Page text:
Robin Hardy 1929 – 2016




The director and writer Robin Hardy, who passed away earlier this week, made only a handful of movies.  And only one of those movies had any influence – but what an influential movie it was.  He was the director of the 1973 horror film The Wicker Man, which regular readers of this blog will know is a big favourite of mine.  It might not be quite the greatest horror movie ever made, but it’s surely the greatest one ever made in the United Kingdom.


And for my money, there’s nothing in the history of the British film industry that compares with its final image.  This shows the head of the burning wicker man – within which luckless virgin / policeman Edward Woodward has just been sacrificed by a community of pagans on a remote Scottish island – collapsing before the Atlantic horizon, which is glowing like a furnace while the white disc of the evening sun sinks behind it.


The movie / TV fan website Den of Geek marked Hardy’s passing by providing a link to a 2008 article written about the film by one of its supporting stars, the late Polish actress Ingrid Pitt.  In it Pitt amusingly spills some beans about the making of The Wicker Man: including how Edward Woodward’s biggest irritation about being inside the wicker man was not the flames licking up from below, but the sacrificial animals that were sealed inside the thing in the cages above and were peeing down on his head; or how her co-stars Britt Ekland and Diane Cilento spent the shoot moaning about their troubled marriages to their film-star spouses, Peter Sellers and Sean Connery respectively.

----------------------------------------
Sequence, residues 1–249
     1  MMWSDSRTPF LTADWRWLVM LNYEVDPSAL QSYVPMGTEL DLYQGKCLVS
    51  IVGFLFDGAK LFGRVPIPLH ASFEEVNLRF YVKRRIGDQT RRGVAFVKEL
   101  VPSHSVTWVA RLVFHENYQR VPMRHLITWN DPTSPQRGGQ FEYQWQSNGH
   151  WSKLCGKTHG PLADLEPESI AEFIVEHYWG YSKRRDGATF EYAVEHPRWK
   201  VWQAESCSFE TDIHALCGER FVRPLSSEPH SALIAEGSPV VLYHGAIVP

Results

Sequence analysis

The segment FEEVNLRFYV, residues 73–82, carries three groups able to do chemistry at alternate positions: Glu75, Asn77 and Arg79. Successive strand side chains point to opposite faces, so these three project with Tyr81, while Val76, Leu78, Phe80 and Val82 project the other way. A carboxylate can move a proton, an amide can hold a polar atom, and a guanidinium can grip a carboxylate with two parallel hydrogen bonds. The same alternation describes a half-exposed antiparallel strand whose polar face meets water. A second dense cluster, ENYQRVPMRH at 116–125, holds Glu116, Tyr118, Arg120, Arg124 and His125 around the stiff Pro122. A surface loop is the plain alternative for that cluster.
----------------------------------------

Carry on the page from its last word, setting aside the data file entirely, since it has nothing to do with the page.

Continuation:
(c) British Lion Films


Hardy’s other films were the 1986 Irish movie The Fantasist, which I haven’t seen – few people have seen it – but which certainly sounds interesting; and 2011’s The Wicker Tree, a spiritual if not a direct sequel to The Wicker Man.  As I wrote about The Wicker Tree in this blog two years ago, the sequel isn’t an outright disaster, but it’s slipshod and uneven in tone and is badly let down by the non-performances of its two American leads.  It shows how unique The Wicker Man was in its perfect balance of horror, humour, music and bawdiness – a balance that you probably couldn’t achieve twice.


Before his death Hardy was trying to raise funds for a second Wicker Man sequel, provisionally entitled Wrath of the Gods.  But although we’ll never see that film now, The Wicker Man’s DNA is evident in a number of other movies made during the past two decades, most notably Julian Richards’ Darklands (1996), David Mackenzie’s The Last Great Wilderness (2002), Edgar Wright’s Hot Fuzz (2007), David Keating’s Wake Wood (2009) and Ben Wheatley’s Kill List (2011); and no doubt it’ll influence more movies in the future.


And back in May this year, Radiohead paid homage to The Wicker Man in the charming but sinister video for their recent song Burn the Witch, which depicted pagan sacrifice in a stop-motion-animated English village inspired by the 1967 children’s TV show Trumpton.  Spookily, the creator of Trumpton, Gordon Murray, died on June 30th, just two days before Hardy did – a coincidence that suggests there exists a deadly Radiohead Video Curse.  (Perhaps for their next release, Thom Yorke and the gang might want to make a video about Tony Blair, filmed in the style of a Michael Bay movie.)


(c) XL Recordings


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